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924
Text Classification from Labeled and Unlabeled Documents using EM
 MACHINE LEARNING
, 1999
"... This paper shows that the accuracy of learned text classifiers can be improved by augmenting a small number of labeled training documents with a large pool of unlabeled documents. This is important because in many text classification problems obtaining training labels is expensive, while large qua ..."
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Cited by 1033 (19 self)
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This paper shows that the accuracy of learned text classifiers can be improved by augmenting a small number of labeled training documents with a large pool of unlabeled documents. This is important because in many text classification problems obtaining training labels is expensive, while large quantities of unlabeled documents are readily available. We introduce an algorithm for learning from labeled and unlabeled documents based on the combination of ExpectationMaximization (EM) and a naive Bayes classifier. The algorithm first trains a classifier using the available labeled documents, and probabilistically labels the unlabeled documents. It then trains a new classifier using the labels for all the documents, and iterates to convergence. This basic EM procedure works well when the data conform to the generative assumptions of the model. However these assumptions are often violated in practice, and poor performance can result. We present two extensions to the algorithm that improve ...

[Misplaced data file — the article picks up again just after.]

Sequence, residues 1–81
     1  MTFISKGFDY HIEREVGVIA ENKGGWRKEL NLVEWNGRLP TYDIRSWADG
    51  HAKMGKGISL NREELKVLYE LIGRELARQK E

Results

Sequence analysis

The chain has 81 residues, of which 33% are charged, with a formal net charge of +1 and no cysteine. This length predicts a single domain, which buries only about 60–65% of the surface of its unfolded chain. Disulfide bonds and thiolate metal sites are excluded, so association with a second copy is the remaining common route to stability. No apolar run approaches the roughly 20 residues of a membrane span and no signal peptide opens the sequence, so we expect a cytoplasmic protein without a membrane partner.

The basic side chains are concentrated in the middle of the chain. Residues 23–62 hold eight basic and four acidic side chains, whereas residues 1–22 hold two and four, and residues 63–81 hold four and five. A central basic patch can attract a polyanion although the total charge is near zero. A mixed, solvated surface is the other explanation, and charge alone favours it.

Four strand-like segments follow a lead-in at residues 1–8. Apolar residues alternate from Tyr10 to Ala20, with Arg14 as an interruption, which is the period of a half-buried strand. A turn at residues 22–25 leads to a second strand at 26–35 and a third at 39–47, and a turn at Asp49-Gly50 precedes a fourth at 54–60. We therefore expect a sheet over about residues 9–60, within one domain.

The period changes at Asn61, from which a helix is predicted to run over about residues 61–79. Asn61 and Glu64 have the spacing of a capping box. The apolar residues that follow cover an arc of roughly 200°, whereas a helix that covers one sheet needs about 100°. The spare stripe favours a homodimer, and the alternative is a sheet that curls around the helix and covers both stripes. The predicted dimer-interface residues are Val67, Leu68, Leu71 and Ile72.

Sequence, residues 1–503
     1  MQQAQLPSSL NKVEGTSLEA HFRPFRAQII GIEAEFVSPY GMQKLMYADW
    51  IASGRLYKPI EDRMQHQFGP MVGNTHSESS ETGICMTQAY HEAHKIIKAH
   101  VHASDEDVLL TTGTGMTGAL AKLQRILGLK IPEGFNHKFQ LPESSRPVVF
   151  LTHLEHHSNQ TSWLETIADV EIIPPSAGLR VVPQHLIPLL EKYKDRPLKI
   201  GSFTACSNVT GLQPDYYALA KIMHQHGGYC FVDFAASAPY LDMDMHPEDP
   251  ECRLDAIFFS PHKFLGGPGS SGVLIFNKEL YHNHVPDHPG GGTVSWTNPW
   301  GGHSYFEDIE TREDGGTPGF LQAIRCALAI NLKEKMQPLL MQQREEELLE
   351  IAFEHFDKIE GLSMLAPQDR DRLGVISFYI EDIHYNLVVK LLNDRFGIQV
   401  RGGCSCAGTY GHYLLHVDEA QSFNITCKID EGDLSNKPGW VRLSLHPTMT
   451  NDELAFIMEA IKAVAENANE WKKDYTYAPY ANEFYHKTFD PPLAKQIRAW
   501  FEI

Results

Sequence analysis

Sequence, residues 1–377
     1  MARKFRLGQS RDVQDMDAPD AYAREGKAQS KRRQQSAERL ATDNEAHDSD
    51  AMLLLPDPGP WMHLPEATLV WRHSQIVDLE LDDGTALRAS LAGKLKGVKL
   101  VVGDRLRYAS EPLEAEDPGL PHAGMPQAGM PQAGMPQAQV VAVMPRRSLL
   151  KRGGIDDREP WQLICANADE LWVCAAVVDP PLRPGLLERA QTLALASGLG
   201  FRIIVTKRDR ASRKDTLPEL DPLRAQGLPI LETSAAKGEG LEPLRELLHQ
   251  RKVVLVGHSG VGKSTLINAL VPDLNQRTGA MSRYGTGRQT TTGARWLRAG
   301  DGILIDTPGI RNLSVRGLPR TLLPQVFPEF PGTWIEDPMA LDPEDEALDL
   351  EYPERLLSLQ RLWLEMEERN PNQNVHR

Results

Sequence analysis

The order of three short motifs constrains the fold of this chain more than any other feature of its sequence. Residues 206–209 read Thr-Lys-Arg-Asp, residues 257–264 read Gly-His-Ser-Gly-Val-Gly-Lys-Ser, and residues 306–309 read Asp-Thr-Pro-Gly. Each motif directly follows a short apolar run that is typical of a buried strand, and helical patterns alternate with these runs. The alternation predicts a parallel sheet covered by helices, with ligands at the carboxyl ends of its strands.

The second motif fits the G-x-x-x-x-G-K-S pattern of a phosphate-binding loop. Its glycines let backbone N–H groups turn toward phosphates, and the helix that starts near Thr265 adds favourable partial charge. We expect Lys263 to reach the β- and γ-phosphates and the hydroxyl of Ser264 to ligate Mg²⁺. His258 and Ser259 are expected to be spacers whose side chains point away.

Adapting to unknown smoothness via wavelet shrinkage
 JOURNAL OF THE AMERICAN STATISTICAL ASSOCIATION
, 1995
"... We attempt to recover a function of unknown smoothness from noisy, sampled data. We introduce a procedure, SureShrink, which suppresses noise by thresholding the empirical wavelet coefficients. The thresholding is adaptive: a threshold level is assigned to each dyadic resolution level by the princip ..."
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Cited by 991 (20 self)